Whitelists – The Ultimate in Spam Protection
Whitelists are quite possibly the single most effective form of spam protection available on the market today. They are as close as you can get to totally eliminating spam from your inbox.
A whitelist is a database of trusted email addresses, IP addresses and domains. To build the list, each one of these trusted sources is manually added to the whitelist. Only email from a whitelisted source is delivered to the user’s inbox. In fact, whitelists are so effective, that the catch-rate for spam is almost 100%.
However, the efficiency of whitelists comes at a price, because it produces a large number of false positives. This means that a lot of legitimate email goes undelivered. To deal with this problem, a challenge-response technique is often instituted.
When an email from an unknown source is received, the system will respond automatically, sending a “challenge” back to the sender. This challenge may require the sender to answer certain questions, or decipher an image that displays a series of letters and numbers. This image can only be deciphered by a human, and not by spamming software. Once this is successfully done, the email is allowed to go through the system to the inbox. The sender is also added to the whitelist. The challenge-response methodology uses a combination of human judgment and software technology to determine which email to let through and which to block.
The advantage of this method is that it is not worth it to spammers to wade through all the challenge-response emails and respond to them. They are more likely to remove the email address from their lists and go after other addresses that do not have such requirements. However, the inconvenience of having to register to send email to the whitelist user may discourage legitimate email senders from following through.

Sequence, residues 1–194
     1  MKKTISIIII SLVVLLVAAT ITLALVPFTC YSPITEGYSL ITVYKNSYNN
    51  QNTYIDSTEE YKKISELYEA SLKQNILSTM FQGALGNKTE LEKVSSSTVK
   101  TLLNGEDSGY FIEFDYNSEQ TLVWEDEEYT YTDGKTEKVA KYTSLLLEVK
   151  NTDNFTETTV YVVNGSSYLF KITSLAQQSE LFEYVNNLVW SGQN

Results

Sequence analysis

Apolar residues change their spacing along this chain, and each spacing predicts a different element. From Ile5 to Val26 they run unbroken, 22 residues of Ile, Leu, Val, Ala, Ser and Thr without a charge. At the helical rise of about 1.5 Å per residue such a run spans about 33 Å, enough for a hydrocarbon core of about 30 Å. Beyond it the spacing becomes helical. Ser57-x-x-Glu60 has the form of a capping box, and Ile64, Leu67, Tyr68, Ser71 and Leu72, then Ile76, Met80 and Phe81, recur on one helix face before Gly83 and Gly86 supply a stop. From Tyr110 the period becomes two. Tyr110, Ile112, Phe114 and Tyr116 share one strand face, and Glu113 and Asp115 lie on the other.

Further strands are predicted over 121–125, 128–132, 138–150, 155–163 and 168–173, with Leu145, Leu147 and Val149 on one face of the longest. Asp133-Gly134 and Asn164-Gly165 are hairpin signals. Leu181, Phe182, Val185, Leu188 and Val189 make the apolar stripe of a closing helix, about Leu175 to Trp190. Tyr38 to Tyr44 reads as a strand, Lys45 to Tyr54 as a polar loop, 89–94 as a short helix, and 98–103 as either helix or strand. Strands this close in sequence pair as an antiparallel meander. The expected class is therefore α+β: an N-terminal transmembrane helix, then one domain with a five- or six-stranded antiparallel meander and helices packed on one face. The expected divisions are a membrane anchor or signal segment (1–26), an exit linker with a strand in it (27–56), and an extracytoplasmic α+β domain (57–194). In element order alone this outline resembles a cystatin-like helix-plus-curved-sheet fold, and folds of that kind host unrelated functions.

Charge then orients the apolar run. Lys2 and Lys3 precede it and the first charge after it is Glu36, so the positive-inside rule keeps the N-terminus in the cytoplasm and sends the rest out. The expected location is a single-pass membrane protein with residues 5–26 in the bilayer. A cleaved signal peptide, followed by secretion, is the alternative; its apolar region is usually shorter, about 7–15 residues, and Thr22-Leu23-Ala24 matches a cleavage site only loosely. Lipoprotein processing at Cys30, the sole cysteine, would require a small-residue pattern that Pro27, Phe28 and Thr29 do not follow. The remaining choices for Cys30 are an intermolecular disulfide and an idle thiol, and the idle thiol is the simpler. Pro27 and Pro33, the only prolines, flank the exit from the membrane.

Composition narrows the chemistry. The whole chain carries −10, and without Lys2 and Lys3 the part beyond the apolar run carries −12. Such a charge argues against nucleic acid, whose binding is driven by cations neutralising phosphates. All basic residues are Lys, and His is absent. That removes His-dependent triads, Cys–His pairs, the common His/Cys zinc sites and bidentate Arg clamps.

Another impractical aspect of whitelists arises when the email account user places an online order, registers for a newsletter or other service. Each of these new email sources must be manually added to the white list. If the user forgets to do this, or enters it incorrectly, important email may be blocked.
Whitelists are far more effective than anti-spam filters, because the latter work by calculating the probability that if an email contains particular words, it is likely to be spam. However, spammers easily get around this feature simply by misspelling words, or by avoiding words associated with spam. For this reason, spam filters are usually only 80-90% successful. This may be acceptable on a personal account, but not on a business account that likely receives over a hundred emails a day.
Whitelists are especially beneficial to businesses as they almost totally eliminate the waste of valuable time that would otherwise be spent wading through the hundreds of spam that are received each day. However, despite their effectiveness in blocking spam, whitelists have not gained widespread use because of the high rate of false positives. It is also virtually impossible for businesses to compile an exhaustive whitelist database of trusted email sources.